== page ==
County supervisors are buying a brand new system for booking criminal suspects into custody at a cost of more than $17.5 million.
On Tuesday, the Los Angeles County Board of Supervisors approved a recommendation calling for the county to pay DataWorks Plus LLC, $17.5 million to deliver a “criminal booking system” to the Los Angeles County Sheriff’s Department.
Whenever a person is arrested and the suspect is booked into custody, deputies use the same fingerprinting technology they’ve used for close to 15 years.
The compelling new feature promised by DataWorks is a state-of-the-art “iris scan,” which interprets unique individual eye characteristics.
Iris recognition technology is not the same as retinal technology.
Iris recognition uses a camera, similar to a digital camera, to capture an image of the iris, whereas retinal scanning involves getting very close to the scanning device, which sends a beam of light inside the eye to capture an image of the retina.
In weighing their decision to invest, supervisors were furnished with a history of the LASD’s booking process.
In 2005, the county bought 173 ‘livescan” devices, which were installed in every LASD station including the one used inside the SCV Sheriff’s Station on Magic Mountain Parkway.
A check with the jailer at the local station Wednesday confirmed that booking people into custody locally, using livescan, involves taking their fingerprints and their mugshot photograph.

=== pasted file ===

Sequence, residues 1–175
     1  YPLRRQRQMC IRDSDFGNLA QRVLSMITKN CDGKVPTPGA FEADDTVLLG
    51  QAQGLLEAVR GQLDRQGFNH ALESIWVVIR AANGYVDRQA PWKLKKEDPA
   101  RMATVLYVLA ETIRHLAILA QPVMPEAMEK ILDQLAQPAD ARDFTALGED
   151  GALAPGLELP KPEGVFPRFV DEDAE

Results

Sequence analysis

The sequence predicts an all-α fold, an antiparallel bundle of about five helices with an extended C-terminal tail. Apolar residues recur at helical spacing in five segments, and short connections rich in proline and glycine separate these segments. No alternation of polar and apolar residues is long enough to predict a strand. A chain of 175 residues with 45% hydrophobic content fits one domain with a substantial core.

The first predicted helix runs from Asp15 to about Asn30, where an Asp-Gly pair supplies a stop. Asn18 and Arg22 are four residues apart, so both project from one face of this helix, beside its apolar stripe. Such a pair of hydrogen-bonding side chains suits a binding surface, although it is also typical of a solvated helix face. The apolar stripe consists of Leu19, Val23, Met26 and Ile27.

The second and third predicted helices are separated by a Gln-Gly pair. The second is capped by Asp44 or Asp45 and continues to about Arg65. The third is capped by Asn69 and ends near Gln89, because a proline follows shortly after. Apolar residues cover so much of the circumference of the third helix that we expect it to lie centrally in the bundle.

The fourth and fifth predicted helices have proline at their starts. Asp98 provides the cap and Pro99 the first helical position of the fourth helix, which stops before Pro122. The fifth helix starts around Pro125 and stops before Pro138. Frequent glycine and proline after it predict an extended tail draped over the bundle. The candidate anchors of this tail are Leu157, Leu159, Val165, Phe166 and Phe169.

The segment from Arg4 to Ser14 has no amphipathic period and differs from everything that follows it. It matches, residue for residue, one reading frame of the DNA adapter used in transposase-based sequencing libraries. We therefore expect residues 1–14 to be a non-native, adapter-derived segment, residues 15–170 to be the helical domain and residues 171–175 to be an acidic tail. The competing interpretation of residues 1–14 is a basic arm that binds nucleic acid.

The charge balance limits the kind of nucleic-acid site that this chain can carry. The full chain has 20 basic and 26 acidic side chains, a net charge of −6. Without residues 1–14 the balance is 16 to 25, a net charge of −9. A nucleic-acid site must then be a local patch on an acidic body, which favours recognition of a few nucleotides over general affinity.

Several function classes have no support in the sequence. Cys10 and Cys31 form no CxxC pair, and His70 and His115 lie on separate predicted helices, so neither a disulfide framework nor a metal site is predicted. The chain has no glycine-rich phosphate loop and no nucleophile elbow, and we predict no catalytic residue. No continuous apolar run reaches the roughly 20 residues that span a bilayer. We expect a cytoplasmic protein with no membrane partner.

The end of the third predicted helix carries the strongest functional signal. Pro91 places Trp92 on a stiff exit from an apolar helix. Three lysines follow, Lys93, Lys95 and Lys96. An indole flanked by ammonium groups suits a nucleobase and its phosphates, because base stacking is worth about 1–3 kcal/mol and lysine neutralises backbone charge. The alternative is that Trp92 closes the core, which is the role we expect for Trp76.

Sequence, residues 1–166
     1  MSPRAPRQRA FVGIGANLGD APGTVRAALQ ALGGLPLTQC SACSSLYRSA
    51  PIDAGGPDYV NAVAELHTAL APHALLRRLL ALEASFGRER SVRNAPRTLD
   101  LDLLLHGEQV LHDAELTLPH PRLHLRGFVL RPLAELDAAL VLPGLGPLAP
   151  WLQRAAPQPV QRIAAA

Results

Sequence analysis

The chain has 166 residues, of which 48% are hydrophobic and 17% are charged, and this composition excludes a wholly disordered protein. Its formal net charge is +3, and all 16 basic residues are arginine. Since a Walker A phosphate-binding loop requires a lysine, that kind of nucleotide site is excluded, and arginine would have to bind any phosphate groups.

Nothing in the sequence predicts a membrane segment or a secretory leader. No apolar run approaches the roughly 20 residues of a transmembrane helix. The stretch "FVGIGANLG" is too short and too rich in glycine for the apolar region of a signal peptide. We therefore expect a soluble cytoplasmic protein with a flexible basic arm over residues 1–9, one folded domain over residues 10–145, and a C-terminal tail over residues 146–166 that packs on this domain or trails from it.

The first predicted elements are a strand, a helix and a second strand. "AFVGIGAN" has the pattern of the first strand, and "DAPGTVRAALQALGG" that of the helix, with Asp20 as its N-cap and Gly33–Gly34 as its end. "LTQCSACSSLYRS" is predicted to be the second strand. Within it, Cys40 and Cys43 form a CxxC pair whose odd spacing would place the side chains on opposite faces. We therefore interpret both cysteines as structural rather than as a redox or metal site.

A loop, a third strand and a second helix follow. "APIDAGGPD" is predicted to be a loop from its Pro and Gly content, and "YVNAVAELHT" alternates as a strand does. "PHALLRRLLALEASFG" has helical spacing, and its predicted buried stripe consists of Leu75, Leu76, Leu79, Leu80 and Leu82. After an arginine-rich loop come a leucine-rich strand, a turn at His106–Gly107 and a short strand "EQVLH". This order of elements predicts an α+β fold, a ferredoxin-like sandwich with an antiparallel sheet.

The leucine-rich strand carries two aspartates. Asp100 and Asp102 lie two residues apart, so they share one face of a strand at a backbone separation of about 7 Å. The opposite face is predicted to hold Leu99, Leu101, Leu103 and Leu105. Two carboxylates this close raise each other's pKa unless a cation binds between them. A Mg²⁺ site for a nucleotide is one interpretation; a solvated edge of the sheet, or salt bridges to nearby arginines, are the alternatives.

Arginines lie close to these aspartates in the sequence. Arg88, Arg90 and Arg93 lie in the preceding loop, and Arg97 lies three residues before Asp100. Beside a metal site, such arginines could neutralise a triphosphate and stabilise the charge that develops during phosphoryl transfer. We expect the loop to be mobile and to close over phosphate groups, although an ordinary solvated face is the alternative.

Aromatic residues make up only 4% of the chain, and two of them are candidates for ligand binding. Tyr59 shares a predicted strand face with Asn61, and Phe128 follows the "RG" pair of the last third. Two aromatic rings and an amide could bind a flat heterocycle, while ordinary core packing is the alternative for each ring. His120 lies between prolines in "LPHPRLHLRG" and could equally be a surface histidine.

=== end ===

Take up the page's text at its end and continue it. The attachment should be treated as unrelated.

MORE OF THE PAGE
The livescan system used across the county catalogues 1,200 fingerprint files each day on average.
Since 2005, the county has tweaked the livescan system as the technology developed, and signed service and maintenance agreements every few years to keep the system working.
In a letter of endorsement for DataWorks technology, County Chief Information Officer William S. Kehoe urged supervisors hire the firm.
The decision came down to a choice between two booking systems, Kehoe said in his letter to supervisors.
“The evaluation committee was comprised of subject matter experts from the county, including ISAB (Information Systems Advisory Body), and from law enforcement agencies throughout the county,” Kehoe wrote.
“The committee independently reviewed and scored the proposals based on predefined evaluation criteria in accordance with the board’s informed averaging guidelines.”
Kehoe said in his recommendation that DataWorks was found to be “the highest-scoring qualified proposer. The department (LASD) recommends board approval of the subject agreement.”
DataWorks Plus, based in Greenville, South Carolina, provides law enforcement with cutting-edge technology nationwide. It boasts on its website a dedication to providing agencies with affordable, top-of-the-line products to improve productivity, efficiency, and the safety of officers and other agency staff.
On Twitter: @jamesarthurholt